UPDATE: Spokane Police Officer Fired For DUI Regains Job, Back Pay; Mayor Releases Statement

SPOKANE, Wash. (AP) - A Spokane police officer fired in 2009 after driving drunk while off duty, hitting a pickup with his truck and leaving the scene of the collision is likely to be rehired and get more than two years of back pay totaling about $275,000.

The Spokesman Review reports that in a settlement mediated by the Washington State Human Rights Commission, Brad Thoma will be rehired March 1 in a demoted position of detective, if the Spokane City Council agrees to the deal on Monday. Prior to his firing in December 2009, Thoma was a sergeant.

Under the agreement, the city will also pay his attorney $15,000. Thoma's attorney, Bob Dunn, argues that job-related stress

led Thoma to alcoholism and should be regarded as a disability.

Spokane Mayor David Condon today is releasing a statement on a proposed settlement that would return Brad Thoma to work at the Spokane Police Department with back pay.  Thoma was terminated from his job as a Police Sergeant in December 2009, following an arrest for DUI and failure to leave information at the scene of a collision.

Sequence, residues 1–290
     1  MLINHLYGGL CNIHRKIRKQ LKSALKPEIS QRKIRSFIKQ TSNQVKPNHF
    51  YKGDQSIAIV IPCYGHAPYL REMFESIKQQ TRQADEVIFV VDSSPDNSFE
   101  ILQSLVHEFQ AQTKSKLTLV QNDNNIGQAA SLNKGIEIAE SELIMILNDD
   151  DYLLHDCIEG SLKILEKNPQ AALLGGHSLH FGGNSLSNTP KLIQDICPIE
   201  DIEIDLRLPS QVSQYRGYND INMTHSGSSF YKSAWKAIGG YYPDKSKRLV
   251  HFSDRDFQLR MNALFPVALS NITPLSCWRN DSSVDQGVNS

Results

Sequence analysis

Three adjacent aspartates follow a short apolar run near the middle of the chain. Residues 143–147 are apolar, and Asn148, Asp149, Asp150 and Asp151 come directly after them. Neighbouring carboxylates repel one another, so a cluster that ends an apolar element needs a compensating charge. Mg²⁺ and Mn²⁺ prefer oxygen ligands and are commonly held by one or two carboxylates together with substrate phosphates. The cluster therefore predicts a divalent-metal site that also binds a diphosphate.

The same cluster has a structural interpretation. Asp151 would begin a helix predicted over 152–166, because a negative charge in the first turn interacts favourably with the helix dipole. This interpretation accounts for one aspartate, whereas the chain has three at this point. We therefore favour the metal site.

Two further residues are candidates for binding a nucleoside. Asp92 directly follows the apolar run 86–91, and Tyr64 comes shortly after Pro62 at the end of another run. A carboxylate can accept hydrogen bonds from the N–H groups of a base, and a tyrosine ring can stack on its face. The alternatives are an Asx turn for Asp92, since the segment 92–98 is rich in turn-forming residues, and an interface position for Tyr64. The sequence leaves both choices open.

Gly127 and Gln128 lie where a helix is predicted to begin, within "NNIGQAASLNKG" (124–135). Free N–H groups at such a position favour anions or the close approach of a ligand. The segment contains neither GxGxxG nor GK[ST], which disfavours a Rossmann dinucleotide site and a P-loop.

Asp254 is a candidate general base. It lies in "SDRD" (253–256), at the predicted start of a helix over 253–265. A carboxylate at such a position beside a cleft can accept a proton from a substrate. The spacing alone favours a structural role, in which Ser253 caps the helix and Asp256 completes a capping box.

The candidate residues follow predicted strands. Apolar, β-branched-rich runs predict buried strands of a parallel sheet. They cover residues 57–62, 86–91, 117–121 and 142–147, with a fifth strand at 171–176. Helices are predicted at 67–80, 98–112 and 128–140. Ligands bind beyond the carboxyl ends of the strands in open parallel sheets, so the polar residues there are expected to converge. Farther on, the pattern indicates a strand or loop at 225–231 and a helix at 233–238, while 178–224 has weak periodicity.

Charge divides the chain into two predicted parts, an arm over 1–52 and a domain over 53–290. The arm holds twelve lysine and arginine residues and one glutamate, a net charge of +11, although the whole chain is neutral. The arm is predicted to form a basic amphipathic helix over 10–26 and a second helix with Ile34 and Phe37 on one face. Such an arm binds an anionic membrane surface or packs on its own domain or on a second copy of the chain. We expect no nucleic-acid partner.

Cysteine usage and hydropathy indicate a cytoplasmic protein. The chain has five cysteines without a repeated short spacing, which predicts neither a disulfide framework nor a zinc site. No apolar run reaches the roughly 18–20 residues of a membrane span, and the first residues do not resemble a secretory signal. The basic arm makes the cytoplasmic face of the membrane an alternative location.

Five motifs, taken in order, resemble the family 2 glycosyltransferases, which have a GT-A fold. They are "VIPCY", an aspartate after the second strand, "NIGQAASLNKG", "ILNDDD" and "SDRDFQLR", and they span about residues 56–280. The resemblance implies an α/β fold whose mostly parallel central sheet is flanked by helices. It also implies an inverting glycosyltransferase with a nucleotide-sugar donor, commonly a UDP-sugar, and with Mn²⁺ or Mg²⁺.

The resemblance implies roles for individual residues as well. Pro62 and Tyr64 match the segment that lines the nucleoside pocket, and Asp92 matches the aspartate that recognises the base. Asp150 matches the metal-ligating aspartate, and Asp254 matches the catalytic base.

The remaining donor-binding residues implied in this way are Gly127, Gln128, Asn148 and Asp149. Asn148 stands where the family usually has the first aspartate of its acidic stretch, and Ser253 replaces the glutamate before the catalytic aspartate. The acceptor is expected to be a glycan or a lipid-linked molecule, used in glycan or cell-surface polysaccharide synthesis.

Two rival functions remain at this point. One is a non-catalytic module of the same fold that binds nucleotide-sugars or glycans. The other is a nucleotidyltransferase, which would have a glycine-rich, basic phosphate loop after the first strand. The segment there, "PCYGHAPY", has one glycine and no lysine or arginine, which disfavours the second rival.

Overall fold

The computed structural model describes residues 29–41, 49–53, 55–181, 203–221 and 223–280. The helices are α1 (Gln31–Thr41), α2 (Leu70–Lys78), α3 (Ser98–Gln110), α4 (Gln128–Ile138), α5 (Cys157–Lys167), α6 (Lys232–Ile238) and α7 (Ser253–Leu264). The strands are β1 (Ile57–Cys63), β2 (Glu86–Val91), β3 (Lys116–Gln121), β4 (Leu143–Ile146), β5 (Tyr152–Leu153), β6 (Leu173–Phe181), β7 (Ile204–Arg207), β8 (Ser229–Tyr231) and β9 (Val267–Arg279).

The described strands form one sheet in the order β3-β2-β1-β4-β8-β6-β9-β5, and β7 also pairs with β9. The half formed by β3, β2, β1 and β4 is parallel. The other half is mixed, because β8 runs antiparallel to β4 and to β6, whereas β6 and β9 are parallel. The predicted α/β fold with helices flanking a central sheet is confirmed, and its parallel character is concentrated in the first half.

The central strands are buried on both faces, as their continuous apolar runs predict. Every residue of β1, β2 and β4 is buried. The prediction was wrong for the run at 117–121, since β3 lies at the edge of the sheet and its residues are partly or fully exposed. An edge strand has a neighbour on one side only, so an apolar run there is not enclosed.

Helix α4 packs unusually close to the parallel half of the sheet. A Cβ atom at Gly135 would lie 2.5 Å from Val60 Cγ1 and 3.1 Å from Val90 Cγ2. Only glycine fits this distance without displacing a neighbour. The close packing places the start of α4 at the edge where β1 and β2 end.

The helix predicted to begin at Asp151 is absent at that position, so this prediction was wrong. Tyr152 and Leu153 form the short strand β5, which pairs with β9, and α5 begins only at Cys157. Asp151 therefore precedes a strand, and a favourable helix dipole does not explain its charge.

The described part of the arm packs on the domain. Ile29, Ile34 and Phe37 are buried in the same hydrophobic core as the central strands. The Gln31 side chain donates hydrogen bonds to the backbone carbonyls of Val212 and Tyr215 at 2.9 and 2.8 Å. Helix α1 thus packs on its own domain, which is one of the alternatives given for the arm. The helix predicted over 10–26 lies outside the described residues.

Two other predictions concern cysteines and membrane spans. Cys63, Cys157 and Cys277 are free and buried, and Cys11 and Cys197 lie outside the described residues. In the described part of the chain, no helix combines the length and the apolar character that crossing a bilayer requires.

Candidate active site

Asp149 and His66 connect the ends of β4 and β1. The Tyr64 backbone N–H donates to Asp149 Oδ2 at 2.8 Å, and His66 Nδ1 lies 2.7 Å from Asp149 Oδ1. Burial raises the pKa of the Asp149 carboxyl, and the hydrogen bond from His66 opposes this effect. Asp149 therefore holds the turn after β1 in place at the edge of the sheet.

"The City's settlement with Mr. Thoma sends the wrong message to our community; it does not represent our values. This settlement is an example of seemingly special treatment enjoyed by a police officer to the frustration of the citizens who employ him.

"This settlement is a legal solution to a problem of financial risk for the City.  We are proposing this settlement to protect taxpayer dollars.  Within the state legal constraints we operate under, this is a good legal and financial decision for the City. 

"Citizens are rightly upset by this settlement, and I fear that their frustration could impede our ability to help rebuild public confidence in our Police Department.  Our citizens' perceptions of our officers are tainted by situations like this."

In part, the settlement addresses a recent change in law.  Under a deferred prosecution agreement, Thoma was required to use an ignition interlock device to drive a vehicle.  As a result it was determined that he couldn't meet the basic requirements of the job, and he was terminated.

The law changed in January 2011, making an ignition interlock device unnecessary as part of deferred prosecution agreement; additionally, the change was retroactive to include Thoma's deferred prosecution agreement.  Thoma's full driving privileges were restored as a result.

Additionally, in the interim, according to the Washington State Human Rights Commission, at least 10 other law enforcement agencies in the state had signed waivers allowing officers to drive government-owned vehicles without the interlock devices required by their deferred prosecution arrangements.  The waivers served as reasonable accommodation that kept other officers employed.

The settlement would resolve three pending issues:  A grievance by the Police Guild, a civil claim by Mr. Thoma, and a complaint with the state Human Rights Commission, asserting failure to accommodate a disability.